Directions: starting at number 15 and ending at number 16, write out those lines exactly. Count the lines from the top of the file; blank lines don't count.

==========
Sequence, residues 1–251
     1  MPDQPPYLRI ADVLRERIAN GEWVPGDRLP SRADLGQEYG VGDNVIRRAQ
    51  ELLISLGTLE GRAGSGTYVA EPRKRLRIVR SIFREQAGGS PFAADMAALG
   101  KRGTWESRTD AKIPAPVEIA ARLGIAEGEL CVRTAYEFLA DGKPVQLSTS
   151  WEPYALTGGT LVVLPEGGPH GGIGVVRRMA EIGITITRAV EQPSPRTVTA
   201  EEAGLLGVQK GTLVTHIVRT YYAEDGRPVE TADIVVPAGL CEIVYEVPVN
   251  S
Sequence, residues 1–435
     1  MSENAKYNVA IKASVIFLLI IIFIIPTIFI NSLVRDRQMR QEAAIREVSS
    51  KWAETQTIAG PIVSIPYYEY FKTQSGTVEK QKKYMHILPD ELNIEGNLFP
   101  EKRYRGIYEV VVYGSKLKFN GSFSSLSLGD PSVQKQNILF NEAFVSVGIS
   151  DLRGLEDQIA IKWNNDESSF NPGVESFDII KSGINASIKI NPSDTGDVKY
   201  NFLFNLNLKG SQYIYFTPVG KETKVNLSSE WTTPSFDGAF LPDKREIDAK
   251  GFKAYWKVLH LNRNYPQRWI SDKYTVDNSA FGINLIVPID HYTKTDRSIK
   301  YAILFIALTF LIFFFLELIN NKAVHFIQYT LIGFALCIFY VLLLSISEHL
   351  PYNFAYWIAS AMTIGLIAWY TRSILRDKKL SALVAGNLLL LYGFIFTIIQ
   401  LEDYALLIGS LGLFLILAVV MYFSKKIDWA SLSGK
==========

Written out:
   301  YAILFIALTF LIFFFLELIN NKAVHFIQYT LIGFALCIFY VLLLSISEHL
   351  PYNFAYWIAS AMTIGLIAWY TRSILRDKKL SALVAGNLLL LYGFIFTIIQ